John has been a consistent and ardent supporter of the concept of the Internet as an open network for the entire community. Under John's guidance Actrix has provided a high level of support to Wellington community groups.

John was also instrumental in the formation of The Internet Society of New Zealand, serving on Council from its inception until 2000. He participated in writing the ISP Code of Practice and served as an inaugural member of the board of NZIRL.

Fellowships - 2001

Rex Croft

The father of the DNS in New Zealand, he 'put it to bed' every night for many a year. Rex, with the assistance of other Network Operators, demonstrated that an industrial class service could be run with dedication rather than large dollars.

Sometimes described as the "DNS saint" Rex negotiated policy that angels feared to touch without a ruffled feather. Rex also provided much of the support for the NZGate billing system that was a key to sharing the cost of New Zealand's overseas link.

Frank March

Frank is Chair of the .nz Oversight Committee, which is responsible for policy matters relating to New Zealand's country code top level domain. 

He was a member of the group that founded ISOCNZ (InternetNZ) and served on the Council for a number of years, including several as Secretary.

He has been involved in the development of the Internet in New Zealand since its beginnings.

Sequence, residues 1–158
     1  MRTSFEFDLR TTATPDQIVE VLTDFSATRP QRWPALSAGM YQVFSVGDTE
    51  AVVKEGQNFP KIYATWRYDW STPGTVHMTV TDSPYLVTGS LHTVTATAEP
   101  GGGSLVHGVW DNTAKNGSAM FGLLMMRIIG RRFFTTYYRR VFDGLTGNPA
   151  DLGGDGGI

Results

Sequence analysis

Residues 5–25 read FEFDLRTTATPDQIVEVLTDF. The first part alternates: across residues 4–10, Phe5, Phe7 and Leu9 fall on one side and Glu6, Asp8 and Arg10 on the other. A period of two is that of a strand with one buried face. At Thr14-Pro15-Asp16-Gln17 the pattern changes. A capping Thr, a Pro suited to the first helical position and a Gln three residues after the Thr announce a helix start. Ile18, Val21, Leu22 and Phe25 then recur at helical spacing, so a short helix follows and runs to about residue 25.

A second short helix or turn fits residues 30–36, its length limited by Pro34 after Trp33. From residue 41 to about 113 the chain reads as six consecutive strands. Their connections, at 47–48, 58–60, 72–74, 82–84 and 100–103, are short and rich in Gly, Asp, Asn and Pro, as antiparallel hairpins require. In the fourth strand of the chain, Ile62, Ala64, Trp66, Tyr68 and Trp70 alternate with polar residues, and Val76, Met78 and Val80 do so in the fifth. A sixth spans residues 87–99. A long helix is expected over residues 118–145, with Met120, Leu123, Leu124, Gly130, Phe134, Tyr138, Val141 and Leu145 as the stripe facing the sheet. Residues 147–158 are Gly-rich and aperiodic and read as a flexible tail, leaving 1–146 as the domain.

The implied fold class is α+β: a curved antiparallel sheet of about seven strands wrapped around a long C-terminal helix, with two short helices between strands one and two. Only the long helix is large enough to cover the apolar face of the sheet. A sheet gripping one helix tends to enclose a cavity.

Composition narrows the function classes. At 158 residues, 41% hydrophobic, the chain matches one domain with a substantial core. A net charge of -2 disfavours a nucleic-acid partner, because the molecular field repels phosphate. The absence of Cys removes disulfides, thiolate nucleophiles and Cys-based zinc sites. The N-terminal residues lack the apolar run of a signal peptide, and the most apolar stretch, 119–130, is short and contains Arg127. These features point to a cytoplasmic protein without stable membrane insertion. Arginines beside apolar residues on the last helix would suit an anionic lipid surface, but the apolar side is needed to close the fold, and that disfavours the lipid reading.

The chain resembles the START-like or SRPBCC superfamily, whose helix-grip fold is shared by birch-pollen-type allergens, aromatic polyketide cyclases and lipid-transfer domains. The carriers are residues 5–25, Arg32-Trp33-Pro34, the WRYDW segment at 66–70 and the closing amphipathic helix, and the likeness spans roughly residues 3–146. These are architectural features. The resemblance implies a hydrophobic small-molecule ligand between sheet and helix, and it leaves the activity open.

As Director of Information Technology at Victoria University of Wellington he was involved in the Tuia Society and Kawaihiko (the early university network).  He encouraged early Internet take-up among government agencies and businesses in wellington.

Frank is a senior specialist advisor in the IT and Telecommunications Policy Group of the Ministry of Economic Development and has a continuing interest in public policy issues with regard to the Internet.

Donald Neal

Donald was the first Secretary of the Society and was responsible for drafting many of its rules. To this day he often drops into a discussion with a "point of order".

His contribution to the Society was not all. As a member of the system development group at Waikato University he was instrumental in the provision of the service for years, the development of a distributed web caching strategy, and was a strong supporter of NZNOG (the New Zealand Network Operators' Group).

He made further contributions to SunSite and to UniForumNZ.

Neil James

Not unlike Jon Postel in appearance and demeanor (but without the ponytail), Neil carried an important mantel in the earliest days of organising the NZ Internet Community.

First, there was the TUIA Society. TUIA was composed of the Universities, the then DSIR, and MAF, and was responsible for developing the collaboration necessary to develop the NZ Internet at the turn of the decade (1989­1990).

Neil chaired TUIA for many years, winding his way through politically troubled waters. He was then instrumental in forming ISOCNZ and spent a few years on Council.

More recently he has been involved in attempting to gain support for 'Internet 2', a New Zealand Research and Education Network.

Fellowships - 1998

John Houlker

John's principal legacy from the Internet's early days in New Zealand was that he provided the key early linkages between TUIA, the consortium set up to manage the New Zealand Internet backbone, and the US-­based Internet services while these were provided by the US Government.